By: O. Wolfson

The method is a useful feature in JavaScript that can help you loop through an array and create a new array with updated data. Here's how it works:

const items = ["item1", "item2", "item3", "item4"]; => {
  return `The current item is: ${item}`;

In this example, we have an array called items with several strings representing different items. We can use the method to loop through this array and create a new array with updated data.

The first parameter of is a callback function that is invoked on each iteration of the loop. The first parameter of the callback function is the value of the current item in the array. In our example, we have named this value item, which will hold the contents of the array at the specific iteration index. So, item1 will be the first value, then item2, and so on.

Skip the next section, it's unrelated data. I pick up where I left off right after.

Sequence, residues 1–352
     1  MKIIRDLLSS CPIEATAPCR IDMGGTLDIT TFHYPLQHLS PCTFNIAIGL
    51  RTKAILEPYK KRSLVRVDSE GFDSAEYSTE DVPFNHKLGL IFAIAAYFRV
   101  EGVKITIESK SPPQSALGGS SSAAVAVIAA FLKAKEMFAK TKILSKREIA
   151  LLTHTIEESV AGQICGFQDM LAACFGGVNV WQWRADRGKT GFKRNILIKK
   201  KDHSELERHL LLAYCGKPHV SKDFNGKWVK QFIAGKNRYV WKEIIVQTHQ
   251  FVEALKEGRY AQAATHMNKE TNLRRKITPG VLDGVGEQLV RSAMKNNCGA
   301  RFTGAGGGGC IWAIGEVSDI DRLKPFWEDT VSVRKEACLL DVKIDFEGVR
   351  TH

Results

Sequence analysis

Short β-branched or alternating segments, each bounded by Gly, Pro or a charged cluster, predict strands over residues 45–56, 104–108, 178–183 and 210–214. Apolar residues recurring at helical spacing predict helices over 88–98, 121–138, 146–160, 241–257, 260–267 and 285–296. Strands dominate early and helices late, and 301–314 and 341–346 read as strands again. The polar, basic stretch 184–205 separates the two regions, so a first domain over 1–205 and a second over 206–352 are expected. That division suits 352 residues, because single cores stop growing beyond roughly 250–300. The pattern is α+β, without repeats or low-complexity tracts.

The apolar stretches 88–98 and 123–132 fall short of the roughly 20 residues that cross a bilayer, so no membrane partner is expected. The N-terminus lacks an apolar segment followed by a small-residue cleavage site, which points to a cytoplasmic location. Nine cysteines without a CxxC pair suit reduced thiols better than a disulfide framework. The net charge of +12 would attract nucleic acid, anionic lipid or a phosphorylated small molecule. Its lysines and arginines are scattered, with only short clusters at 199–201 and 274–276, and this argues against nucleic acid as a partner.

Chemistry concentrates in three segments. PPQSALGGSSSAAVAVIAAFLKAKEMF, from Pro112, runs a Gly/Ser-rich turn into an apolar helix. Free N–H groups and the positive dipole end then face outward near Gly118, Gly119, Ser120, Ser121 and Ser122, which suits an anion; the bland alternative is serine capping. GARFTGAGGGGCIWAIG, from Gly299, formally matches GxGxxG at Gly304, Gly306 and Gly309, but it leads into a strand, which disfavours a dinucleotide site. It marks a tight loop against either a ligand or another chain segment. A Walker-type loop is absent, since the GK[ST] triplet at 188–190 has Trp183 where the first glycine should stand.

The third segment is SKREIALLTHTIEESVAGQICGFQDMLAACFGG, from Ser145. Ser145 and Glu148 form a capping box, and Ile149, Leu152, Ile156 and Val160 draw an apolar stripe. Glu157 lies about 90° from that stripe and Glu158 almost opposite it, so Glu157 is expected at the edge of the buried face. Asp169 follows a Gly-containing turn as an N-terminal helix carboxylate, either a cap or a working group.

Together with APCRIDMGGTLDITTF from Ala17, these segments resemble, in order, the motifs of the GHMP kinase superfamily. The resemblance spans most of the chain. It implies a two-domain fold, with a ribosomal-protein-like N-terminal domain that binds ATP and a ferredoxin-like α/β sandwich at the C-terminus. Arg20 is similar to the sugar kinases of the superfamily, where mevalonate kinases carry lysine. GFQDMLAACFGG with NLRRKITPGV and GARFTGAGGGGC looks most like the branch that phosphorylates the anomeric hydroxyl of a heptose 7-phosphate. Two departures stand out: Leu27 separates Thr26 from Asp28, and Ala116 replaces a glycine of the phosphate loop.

Using is especially useful when we need to create a new array based on data from an existing array. For example, we can create a new array of strings like this:

const animals = ["cat", "dog", "fish", "bird"];
const kids = ["Billy", "Lisa", "Trevor", "Tracy"];
const favoriteAnimals =, index) => {
  return `${kids[index]}'s favorite animal is ${animal}.`;

In this example, we have two arrays: animals and kids. We want to create a new array that includes the name of a kid and their favorite animal. We can achieve this by using the method and passing in a callback function with two parameters: the value of the current item in the animals array, and the index of that item.

We can use the index to extract the corresponding value from the kids array, and return a new string with the description of the animal and the name of the kid. The result will be a new array that includes these updated strings.

  "Billy's favorite animal is cat.",
  "Lisa's favorite animal is dog.",
  "Trevor's favorite animal is fish.",
  "Tracy's favorite animal is bird.",

In summary, the method is a powerful tool for working with arrays in JavaScript. By returning a new array with transformed data, you can easily update the contents of an existing array without modifying it directly. This approach helps keep your code clean and readable, and reduces the risk of introducing hard-to-find bugs.